Based on this article from Fidelity, it appears that the tax basis for a Roth conversion is the net value of the retirement account at the time of the conversion.
As such, let's say I have a traditional IRA worth $10k prior to a market downturn, for which my tax basis would have been $7k. If I had invested in a Roth account initially, I would have paid taxes on the $7k I invested.
Now let's say the market declines, and my portfolio hits a value of $5k (quite possible with my risk tolerance). If I convert at this stage, I would only pay taxes on $5k. Sure, in a 25% bracket that is only $500, so nothing terribly outstanding, but the question scales, and I just picked convenient numbers.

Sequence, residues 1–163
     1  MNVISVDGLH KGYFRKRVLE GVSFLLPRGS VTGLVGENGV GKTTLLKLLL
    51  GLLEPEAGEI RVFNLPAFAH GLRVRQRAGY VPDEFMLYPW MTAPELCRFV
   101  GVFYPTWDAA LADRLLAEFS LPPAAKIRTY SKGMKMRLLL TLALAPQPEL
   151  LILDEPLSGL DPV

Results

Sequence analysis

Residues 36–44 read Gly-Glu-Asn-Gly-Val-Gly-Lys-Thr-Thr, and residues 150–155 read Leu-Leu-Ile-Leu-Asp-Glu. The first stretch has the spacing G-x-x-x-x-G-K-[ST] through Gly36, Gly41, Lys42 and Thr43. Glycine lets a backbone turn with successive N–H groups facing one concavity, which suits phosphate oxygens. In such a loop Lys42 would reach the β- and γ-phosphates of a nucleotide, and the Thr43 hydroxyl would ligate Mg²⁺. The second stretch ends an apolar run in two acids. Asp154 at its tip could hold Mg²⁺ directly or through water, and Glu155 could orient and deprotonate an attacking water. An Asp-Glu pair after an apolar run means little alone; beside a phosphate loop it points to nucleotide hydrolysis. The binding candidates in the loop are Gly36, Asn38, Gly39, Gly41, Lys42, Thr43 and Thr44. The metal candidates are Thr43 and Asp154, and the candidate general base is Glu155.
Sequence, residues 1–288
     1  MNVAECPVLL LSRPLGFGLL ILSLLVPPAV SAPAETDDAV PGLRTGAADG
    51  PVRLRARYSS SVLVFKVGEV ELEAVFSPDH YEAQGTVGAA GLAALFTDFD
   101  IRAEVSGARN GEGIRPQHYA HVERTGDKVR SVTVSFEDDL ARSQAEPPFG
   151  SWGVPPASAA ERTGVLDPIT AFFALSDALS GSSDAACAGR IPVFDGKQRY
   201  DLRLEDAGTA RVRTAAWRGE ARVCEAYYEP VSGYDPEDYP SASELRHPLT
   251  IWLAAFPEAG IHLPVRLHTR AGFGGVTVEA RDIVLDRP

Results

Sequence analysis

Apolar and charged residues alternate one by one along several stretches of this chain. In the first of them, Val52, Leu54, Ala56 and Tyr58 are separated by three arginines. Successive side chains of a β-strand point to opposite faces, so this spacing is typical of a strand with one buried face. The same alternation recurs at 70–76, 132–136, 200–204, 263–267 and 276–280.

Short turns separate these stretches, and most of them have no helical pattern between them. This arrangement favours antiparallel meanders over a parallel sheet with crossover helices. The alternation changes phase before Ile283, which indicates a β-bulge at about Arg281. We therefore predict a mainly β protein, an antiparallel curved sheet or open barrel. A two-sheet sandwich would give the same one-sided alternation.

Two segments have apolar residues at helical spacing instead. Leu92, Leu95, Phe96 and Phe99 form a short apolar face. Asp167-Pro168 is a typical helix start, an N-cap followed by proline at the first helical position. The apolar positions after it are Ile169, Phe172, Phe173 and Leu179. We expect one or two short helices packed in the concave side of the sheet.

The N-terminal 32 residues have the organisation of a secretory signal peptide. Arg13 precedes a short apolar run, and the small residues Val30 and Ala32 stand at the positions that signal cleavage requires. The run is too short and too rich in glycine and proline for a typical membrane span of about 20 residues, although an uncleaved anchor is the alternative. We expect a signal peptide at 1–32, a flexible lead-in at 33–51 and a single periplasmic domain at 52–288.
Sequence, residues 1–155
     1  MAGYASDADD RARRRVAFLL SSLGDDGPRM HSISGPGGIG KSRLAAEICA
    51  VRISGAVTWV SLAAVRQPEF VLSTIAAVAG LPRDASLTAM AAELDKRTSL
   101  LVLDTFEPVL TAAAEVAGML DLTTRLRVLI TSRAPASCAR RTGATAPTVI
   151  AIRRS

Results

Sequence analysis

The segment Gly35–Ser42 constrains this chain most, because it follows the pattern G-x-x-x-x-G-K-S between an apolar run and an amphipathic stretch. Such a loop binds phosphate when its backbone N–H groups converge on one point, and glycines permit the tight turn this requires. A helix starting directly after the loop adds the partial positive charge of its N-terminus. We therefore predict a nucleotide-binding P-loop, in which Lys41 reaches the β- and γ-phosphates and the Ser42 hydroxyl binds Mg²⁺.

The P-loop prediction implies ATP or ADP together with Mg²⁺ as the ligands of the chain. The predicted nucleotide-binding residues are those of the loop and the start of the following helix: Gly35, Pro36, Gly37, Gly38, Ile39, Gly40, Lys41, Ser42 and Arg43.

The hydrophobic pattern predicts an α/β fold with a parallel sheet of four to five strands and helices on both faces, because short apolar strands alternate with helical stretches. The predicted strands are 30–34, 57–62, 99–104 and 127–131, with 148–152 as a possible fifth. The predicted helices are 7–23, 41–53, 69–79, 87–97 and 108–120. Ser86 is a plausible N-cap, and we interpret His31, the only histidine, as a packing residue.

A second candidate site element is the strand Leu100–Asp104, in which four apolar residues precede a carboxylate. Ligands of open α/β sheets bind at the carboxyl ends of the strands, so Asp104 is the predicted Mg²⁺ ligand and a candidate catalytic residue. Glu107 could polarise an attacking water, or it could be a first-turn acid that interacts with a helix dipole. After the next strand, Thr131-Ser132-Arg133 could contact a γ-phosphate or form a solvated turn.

Taking advantage of this doesn't require predicting a market downturn, which is another topic entirely. Instead, it only requires that we expect that market downturns will occur.
Because of increased regulations in the US recently, it appears that we are seeing less large scale volatility. While markets still rise and fall, some protections ensure that events like the late '90s tech bubble or the '08 housing crisis don't have the same impact on the markets.
So, I wonder whether it's better or not to wait for a possible market downturn to perform a Roth conversion.